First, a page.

Clearer roads ahead…

October 2022 | Amir Zaidi

Whilst it is generally accepted that having significantly fewer and non-polluting electric cars on our heavily congested roads is desirable, the practicality of achieving this is also generally accepted as being an unlikely reality in the near future.

Despite there being a substantial increase in the number of electric cars being sold in the UK recently, there are still less than one million pure electric or plug-in hybrid cars, equivalent to about 3% of the 33 million total cars in the UK.

One of the factors limiting the uptake of electric cars is the lack of battery charging infrastructure in place for public use. There are also those households that do not have their own driveways on which cars can be charged overnight. In addition, electric cars are generally more expensive to buy than their non-electric counterparts.

Even if somehow the charging infrastructure could be put in place, the congestion and related issues such as parking and road accidents would still remain.

It is estimated that the number of cars in Great Britain will continue to rise in the coming years, with there being between 35 and 45 million cars by 2050, further exacerbating the issues.

The fact that most cars are typically only used for about an hour on average a day, means in addition to this being a social and environmental issue, it is also an economic one. Utilising an asset that for many people will be their second most expensive possession only 4% of the time is obviously inefficient, yet most households choose to own their own private car.  Whilst there are several reasons behind this, one is obviously the benefit of having immediate access to a private mode of transport. The private taxi alternative does not guarantee immediate availability, and on a journey by journey basis, is also significantly more expensive.

In an alternative reality, if we all decided to ditch our private polluting cars, and adopt the use of a nationwide fleet of autonomous electric vehicles (driverless electric taxis), would this address the issues raised above?

Firstly, to address the immediate availability point, there would need to be enough autonomous taxis to ensure we could all still arrive to work and school etc. on time. Analysing the National Travel Survey conducted by the Department for Transport (DfT), and making a few assumptions along the way (including some passengers being happy to share their taxi with others travelling in the same direction), we would estimate the maximum number of taxis being required during the peak car journey time of 8am to 9am on weekdays to be in the region of 7.7million in Great Britain. This implies there only needs to be 23% of the current number of cars in the UK to still allow all the same journeys to be completed.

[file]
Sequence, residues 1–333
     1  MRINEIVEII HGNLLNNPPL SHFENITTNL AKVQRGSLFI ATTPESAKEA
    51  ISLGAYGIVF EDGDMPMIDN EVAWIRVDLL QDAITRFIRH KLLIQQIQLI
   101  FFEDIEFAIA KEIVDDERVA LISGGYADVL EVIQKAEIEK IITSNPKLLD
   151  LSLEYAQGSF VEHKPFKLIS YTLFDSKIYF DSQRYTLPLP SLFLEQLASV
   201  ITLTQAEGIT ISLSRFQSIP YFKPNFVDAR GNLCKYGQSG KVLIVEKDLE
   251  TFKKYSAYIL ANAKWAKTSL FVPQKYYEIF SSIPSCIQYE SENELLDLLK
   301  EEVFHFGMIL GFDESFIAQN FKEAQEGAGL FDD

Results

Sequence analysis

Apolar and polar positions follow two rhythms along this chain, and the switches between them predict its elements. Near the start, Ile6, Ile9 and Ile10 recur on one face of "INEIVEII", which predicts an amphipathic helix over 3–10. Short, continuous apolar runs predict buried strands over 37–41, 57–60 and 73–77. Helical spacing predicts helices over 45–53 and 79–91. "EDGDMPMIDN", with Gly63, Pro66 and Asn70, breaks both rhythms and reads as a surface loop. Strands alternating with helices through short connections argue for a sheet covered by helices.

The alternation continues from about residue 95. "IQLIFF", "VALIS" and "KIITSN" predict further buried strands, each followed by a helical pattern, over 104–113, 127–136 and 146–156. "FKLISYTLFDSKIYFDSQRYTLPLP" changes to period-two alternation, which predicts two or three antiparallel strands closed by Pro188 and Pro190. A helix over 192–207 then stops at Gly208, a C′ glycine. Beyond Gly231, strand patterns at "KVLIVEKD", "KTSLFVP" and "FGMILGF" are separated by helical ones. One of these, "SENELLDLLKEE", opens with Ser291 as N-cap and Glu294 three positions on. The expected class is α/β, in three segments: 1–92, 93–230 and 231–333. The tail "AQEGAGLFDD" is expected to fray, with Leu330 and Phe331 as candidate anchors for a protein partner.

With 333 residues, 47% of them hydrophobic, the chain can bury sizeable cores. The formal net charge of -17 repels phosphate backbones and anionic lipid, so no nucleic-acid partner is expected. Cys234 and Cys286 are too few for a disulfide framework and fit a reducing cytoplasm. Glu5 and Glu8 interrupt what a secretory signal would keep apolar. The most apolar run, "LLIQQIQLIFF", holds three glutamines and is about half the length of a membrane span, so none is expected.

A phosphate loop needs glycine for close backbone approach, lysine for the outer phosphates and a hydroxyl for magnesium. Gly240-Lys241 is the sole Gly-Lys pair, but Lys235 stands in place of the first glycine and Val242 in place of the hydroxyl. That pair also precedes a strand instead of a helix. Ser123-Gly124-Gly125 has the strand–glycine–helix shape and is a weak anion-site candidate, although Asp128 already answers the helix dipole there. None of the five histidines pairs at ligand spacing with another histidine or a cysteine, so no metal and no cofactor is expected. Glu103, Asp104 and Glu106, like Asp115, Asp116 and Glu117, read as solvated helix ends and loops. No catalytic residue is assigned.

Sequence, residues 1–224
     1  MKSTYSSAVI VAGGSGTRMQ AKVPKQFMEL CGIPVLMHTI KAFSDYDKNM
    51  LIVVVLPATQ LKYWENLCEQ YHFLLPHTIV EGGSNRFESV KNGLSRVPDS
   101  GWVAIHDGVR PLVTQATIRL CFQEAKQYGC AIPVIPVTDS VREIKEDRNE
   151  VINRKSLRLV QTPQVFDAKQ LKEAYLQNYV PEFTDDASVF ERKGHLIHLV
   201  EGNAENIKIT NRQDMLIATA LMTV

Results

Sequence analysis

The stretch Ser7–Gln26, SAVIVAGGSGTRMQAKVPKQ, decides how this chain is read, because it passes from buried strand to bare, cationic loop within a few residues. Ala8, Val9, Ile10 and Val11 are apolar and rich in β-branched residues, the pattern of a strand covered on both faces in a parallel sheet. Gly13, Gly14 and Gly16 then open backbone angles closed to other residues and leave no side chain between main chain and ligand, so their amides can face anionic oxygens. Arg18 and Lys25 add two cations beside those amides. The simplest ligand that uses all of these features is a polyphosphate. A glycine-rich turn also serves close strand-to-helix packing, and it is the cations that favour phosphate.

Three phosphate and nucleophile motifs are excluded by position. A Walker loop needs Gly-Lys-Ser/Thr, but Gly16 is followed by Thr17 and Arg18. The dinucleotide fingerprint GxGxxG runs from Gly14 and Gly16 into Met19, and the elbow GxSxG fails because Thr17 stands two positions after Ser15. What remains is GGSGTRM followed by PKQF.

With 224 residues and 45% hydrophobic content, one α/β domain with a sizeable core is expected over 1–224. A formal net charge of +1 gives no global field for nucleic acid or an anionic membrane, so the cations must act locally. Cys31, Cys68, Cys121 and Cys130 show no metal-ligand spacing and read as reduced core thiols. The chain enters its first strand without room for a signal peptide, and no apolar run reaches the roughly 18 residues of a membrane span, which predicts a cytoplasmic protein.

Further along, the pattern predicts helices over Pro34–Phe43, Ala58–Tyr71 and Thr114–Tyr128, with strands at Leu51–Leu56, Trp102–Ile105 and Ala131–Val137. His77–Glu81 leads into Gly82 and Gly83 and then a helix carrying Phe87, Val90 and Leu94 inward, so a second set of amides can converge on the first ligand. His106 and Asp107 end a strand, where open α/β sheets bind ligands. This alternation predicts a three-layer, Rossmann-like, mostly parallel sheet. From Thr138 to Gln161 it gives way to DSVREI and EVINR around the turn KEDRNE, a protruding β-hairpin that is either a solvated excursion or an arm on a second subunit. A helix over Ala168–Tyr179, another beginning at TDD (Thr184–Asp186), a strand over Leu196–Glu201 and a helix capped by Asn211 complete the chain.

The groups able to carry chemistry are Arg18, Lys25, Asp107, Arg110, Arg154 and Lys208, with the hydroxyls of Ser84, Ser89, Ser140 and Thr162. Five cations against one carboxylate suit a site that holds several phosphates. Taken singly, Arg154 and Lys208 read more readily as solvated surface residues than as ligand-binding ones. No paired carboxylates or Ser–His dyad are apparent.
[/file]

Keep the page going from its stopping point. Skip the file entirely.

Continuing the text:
Having only 7.7million electric vehicles would also require a lot fewer charging points, and given the taxis would not be privately owned, the charging points could be located much more flexibly. With the current generation of rapid chargers, we would estimate only 161 thousand chargers being needed in the whole country, costing about £7bn. Whilst this figure is still substantial, it is much lower than that needed if we all owned our own personal cars and significantly more practical to install (and could largely be delivered through the private and public funding already earmarked for the electric charging infrastructure).

Assuming a leasing model for the vehicles, and the current cost of petrol, diesel and electricity, we would estimate the all-in annual running cost of an autonomous electric taxi to be about 16% cheaper to run per mile as compared to privately owning a petrol/diesel car.

In addition to the environmental benefits and the financial savings outlined above, other advantages would include health benefits from cleaner air, increased Gross Domestic Product (GDP) due to less time wasted in traffic, increased accessibility to car travel for the less privileged unable to commit to larger capital outlays associated with traditional car ownership, and potentially fewer road accidents and fatalities given the advancements in the autonomous vehicle technology.

All in all, perhaps not a bad deal for giving up our own set of wheels…

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